When you mention France, everyone thinks of Paris. Most people have at least heard of Nice or Bordeaux. But how about Colmar or Riquewihr?
These are just two of the towns located in France’s Alsace Valley, which lies just across the Rhine River from Germany. Rumor has it that the town in Disney’s Beauty and the Beast was modeled after Riquewihr, and all of the towns look EXACTLY like what you would expect based on that information. Timber framed houses with decorative shutters and flower boxes are scattered all over this valley, which is also home to a 170 kilometer long Route de Vins d’Alsace — aka Alsace Wine Route. Bike lanes and separate bike paths follow the entire way, which makes it a perfect destination for riding around gently rolling vine-covered hills … and tasting local wines.
Kicking off My Weekend in Alsace
The adventure started with breakfast: a croissant and pain au chocolat, of course. Ok, fine, maybe a couple of croissants.
Then it was time to hit the Wine Road to taste local varietals such as Riesling, Pinot blanc, Gewurztraminer, and Sylvaner.
The bike routes were very clearly labeled so I picked a bike path at random and headed out. Scenery was as you expect for a wine route — lots of vineyards. I stopped at a couple of wineries for tastings, and everyone was super friendly and told me they do not see many Americans coming through. Important note for my fellow English-speakers: Most people along this route speak French and German, so my high school French and Google translate were the key to success.
You know what is another key to success? Having watched a YouTube one time on how to change a flat tire on your bike.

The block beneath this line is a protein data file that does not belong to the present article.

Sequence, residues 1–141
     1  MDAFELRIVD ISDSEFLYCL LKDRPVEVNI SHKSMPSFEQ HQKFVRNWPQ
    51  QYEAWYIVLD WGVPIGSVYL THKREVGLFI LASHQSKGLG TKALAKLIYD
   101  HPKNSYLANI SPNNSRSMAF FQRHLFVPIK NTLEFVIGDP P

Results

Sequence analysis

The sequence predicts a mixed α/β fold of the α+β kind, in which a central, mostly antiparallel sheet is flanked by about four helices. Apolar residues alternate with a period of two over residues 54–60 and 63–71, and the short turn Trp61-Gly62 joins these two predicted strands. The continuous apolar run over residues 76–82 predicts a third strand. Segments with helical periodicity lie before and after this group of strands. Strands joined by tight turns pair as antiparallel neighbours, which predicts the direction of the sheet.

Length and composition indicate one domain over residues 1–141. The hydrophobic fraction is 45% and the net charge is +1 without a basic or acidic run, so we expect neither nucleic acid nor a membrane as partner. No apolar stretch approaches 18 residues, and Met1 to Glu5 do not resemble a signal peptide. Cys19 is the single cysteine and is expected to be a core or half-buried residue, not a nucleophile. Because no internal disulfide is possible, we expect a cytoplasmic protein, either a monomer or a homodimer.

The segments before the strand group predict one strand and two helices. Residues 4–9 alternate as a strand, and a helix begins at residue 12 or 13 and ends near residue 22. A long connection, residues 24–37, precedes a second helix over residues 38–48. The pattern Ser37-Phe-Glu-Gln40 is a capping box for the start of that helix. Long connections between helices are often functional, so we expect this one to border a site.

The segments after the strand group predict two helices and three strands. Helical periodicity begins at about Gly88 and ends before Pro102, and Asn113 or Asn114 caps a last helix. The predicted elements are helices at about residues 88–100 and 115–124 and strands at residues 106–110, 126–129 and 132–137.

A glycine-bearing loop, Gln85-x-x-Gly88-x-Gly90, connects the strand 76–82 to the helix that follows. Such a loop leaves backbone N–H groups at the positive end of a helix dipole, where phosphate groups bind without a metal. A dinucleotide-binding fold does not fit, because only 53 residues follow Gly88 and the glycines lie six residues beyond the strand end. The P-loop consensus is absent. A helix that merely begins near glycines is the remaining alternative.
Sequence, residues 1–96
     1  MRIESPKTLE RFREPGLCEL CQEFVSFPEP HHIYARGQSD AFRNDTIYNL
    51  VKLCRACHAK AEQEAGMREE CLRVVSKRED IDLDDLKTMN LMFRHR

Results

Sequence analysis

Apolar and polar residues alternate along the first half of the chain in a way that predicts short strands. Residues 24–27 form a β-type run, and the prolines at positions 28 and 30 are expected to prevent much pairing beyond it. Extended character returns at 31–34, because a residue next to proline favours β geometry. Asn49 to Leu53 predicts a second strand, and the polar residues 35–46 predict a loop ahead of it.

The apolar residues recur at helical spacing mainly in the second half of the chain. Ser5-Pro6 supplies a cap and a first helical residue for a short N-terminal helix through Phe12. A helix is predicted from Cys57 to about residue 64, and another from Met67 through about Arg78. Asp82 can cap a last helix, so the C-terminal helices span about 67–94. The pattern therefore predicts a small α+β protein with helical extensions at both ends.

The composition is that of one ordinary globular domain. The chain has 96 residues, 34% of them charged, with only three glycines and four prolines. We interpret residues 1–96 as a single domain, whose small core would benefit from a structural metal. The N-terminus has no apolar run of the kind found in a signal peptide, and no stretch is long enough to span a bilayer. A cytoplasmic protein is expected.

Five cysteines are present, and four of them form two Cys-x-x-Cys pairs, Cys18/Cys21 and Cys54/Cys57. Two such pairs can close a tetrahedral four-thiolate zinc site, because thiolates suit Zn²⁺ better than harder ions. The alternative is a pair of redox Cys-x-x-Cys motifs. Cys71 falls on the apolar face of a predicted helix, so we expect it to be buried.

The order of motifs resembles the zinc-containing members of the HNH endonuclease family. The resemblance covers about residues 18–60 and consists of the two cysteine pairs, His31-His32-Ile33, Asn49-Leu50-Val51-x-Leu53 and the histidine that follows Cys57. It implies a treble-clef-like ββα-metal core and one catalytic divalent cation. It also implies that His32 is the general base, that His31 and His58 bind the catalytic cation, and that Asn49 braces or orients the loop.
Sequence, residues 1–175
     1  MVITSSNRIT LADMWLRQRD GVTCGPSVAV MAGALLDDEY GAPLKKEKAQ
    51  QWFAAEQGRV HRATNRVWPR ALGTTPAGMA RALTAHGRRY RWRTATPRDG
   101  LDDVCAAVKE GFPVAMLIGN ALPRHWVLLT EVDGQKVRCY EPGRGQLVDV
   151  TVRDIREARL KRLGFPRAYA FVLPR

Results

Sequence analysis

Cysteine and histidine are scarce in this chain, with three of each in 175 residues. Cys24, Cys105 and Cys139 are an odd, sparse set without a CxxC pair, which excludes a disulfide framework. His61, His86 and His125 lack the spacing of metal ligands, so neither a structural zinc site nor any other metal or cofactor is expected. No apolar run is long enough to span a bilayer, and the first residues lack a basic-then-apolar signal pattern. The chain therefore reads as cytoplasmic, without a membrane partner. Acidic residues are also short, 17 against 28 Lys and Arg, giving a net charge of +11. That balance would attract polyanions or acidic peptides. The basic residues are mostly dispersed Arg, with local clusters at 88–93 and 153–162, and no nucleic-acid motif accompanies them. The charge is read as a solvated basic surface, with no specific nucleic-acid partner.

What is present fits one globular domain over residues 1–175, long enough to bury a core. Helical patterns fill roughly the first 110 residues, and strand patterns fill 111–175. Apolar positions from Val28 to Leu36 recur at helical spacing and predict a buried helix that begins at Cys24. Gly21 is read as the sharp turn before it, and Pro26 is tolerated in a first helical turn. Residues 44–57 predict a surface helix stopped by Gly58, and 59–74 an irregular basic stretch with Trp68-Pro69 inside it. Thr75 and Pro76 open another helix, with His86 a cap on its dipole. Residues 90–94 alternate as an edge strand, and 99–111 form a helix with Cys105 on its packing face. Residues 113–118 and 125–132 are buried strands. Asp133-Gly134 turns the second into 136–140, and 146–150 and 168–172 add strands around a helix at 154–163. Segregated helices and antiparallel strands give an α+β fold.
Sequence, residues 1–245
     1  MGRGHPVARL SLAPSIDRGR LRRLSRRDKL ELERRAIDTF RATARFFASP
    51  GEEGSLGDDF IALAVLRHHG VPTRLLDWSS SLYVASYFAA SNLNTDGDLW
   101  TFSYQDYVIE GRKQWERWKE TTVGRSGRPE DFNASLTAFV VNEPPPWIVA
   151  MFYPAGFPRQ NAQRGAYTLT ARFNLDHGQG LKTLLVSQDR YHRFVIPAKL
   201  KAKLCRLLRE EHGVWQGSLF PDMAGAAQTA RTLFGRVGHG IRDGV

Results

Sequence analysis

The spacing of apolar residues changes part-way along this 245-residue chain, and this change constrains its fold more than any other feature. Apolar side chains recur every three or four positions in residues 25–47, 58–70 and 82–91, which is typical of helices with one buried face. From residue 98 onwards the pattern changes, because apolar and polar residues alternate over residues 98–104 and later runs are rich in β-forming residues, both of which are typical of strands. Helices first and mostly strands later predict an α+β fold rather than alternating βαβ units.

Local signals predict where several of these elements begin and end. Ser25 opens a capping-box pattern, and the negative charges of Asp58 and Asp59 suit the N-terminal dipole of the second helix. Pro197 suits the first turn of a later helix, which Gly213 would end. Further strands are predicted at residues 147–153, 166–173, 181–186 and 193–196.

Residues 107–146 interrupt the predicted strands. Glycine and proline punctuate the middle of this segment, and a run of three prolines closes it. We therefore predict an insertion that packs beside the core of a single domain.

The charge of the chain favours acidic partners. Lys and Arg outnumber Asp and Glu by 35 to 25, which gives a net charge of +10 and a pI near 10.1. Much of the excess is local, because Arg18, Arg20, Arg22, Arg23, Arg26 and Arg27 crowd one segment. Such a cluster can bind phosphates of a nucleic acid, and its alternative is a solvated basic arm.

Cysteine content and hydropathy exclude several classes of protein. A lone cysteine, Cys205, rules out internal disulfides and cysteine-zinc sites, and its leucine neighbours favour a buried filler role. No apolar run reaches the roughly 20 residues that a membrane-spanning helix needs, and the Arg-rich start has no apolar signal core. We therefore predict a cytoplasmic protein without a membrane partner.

So yes, as the drizzle began to fall and I got chilled to the bone, I got my very first flat tire (on a rear wheel, no less — for the non-cyclists in the crowd, just know that this makes everything harder). But, fueled by my late morning wine tastings and the cozy cafe that happened to be right where I blew the tire, I fumbled through and got it sorted out.
(Pro- tip: practice changing a tire at home or at your local bike shop so when it happens you are prepared!)
My reward: warm carrot ginger soup, followed by a salmon and cheese tart. Although the portions seem smaller than we would get back in the States, every dish was the perfect amount of food.
Back to Base
Heading back into Colmar for the evening, I wandered through the Easter Market. Dozens of stalls were set out with crafts and snacks, and a variety of farm animals were also scattered about for children to pet.
Then I spotted the macarons. When in France, right?
When dinnertime rolled around, I popped into a local wistub (a traditional local wine bar and restaurant). Being close to Germany, pork populated the menu in large proportions, so I went with a traditional pork knuckle and tarte l’oignon.
White asparagus is a spring specialty grown in the area, so of course had to try that as well.
I enjoyed more tiny glasses of local Pinot Blanc (apparently this shape of glass is better for the fruity aromas) and followed those up with a creme brûlée. Again, when in France, am I right?
This trip combined everything that I love — bikes, food and wine. C’était parfait.
Anyone else had any epic food adventures in France? Anybody go by bike? —Cara